It is understood that Bank Negara has engaged all the banks in recent days to discuss this matter, ahead of the September deadline.
Meanwhile, some industry observers have slightly different views.Senior fellow at the Institute for Democracy and Economic Affairs (IDEAS) Carmelo Ferlito, who has been tracking this moratorium issue from the start, believes that it should be extended.
“As a measure in itself, it won’t heal the deep wounds created by the lockdown (imposed as a result of the pandemic), but it can help those businesses which survived to recover and households that are under financial stress to find a way back on the right track, ” he tells StarBizWeek.
Nevertheless, he admits that this will come at a cost for banks.
“Surely, it will have an impact on the banks as loan repayments are part of the core business of banks.
“The impact may vary from bank to bank, but in general, we can say that the moratorium affects banks’ cash flows and other fundamentals.”
His view is that in many cases, the extension could be the best way to avoid customer default.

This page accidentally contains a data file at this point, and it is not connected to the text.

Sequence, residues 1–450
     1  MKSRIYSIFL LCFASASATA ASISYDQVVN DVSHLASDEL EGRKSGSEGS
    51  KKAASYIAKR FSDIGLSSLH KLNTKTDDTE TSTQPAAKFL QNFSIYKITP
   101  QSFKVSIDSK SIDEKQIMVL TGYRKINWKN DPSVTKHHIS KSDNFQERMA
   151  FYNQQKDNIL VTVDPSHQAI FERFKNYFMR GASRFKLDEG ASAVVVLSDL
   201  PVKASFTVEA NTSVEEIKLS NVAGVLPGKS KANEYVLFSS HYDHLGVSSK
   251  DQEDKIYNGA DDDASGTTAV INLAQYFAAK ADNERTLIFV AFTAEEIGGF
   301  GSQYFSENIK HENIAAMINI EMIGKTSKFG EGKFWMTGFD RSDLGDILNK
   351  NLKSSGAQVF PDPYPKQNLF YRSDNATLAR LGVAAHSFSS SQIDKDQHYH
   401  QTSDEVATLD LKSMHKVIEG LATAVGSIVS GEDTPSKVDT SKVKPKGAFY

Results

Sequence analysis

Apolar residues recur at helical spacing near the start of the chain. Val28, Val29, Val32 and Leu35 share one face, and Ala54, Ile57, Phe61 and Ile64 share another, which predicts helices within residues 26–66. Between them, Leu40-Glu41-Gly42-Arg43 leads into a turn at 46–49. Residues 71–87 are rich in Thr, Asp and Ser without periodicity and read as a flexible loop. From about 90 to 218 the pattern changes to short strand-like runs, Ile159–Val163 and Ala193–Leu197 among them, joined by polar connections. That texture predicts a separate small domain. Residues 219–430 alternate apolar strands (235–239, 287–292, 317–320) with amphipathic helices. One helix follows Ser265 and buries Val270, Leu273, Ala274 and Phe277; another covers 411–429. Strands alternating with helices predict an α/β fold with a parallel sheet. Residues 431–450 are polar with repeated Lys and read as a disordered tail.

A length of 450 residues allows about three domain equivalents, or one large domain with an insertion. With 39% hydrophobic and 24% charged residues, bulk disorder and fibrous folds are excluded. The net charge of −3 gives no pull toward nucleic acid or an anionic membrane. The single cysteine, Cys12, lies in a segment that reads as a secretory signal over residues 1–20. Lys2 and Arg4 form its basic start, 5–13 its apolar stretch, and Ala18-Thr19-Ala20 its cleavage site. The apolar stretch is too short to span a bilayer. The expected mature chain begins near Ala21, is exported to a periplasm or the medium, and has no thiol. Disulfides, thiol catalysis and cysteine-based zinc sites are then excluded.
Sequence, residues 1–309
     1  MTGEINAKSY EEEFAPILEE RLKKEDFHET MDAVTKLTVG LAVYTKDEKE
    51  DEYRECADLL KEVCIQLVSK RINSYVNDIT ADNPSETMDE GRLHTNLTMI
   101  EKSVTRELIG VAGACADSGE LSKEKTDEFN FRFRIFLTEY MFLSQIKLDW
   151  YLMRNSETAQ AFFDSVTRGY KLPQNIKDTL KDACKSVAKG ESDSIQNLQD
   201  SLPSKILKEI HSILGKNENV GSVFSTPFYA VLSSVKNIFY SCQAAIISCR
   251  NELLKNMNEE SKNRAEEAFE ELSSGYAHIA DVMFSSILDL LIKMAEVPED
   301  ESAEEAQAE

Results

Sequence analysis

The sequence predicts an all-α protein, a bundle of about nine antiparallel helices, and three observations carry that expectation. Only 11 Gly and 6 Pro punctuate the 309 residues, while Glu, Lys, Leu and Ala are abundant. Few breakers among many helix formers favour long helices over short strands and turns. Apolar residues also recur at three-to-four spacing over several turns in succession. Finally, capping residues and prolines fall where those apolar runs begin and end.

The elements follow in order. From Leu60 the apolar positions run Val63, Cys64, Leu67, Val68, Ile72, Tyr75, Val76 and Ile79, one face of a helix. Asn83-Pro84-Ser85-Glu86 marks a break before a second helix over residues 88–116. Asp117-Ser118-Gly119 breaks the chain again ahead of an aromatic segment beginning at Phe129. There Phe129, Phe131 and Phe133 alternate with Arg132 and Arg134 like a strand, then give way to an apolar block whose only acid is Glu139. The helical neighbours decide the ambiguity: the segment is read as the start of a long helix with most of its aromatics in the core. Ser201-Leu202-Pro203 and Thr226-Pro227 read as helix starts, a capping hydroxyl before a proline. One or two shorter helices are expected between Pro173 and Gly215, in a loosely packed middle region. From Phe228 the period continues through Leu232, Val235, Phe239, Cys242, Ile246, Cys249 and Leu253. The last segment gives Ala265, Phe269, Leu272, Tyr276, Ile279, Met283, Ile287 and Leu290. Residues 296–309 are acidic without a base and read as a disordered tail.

“If a customer defaults, then the bank loses its credit.
“So, a moratorium extension could be the best way for the banks to ensure future cash flow; a delay is better than a deletion.”
Ferlito adds that under normal circumstances, he would not suggest monetary support in times of an economic crisis.
“But the present scenario is quite different from a normal crisis; in fact, economic activity did not suffer because of some internal contradiction that needed to be cleared out. Instead, the situation was generated by the lockdown, without businesses and economic agents being responsible for it, ” he says.
“The situation is exceptional and policy induced, and therefore, requires unconventional answers.
“In the realm of such unconventional measures, I believe the moratorium extension to be - at the moment - the less distortionary (part) of the economic structure of the nation.”
Higher NPLs unavoidable
Still, long before the looming moratorium deadline, there were already concerns that extension or not, banks’ will see asset deterioration as a result of the moratorium.
“The debt moratorium will soften the near-term, credit-negative impact on the banks’ asset quality, ” US credit rating agency Moody’s Investors Service said earlier, adding that the move also prevents banks from taking early restructuring or recovery action on specific borrowers.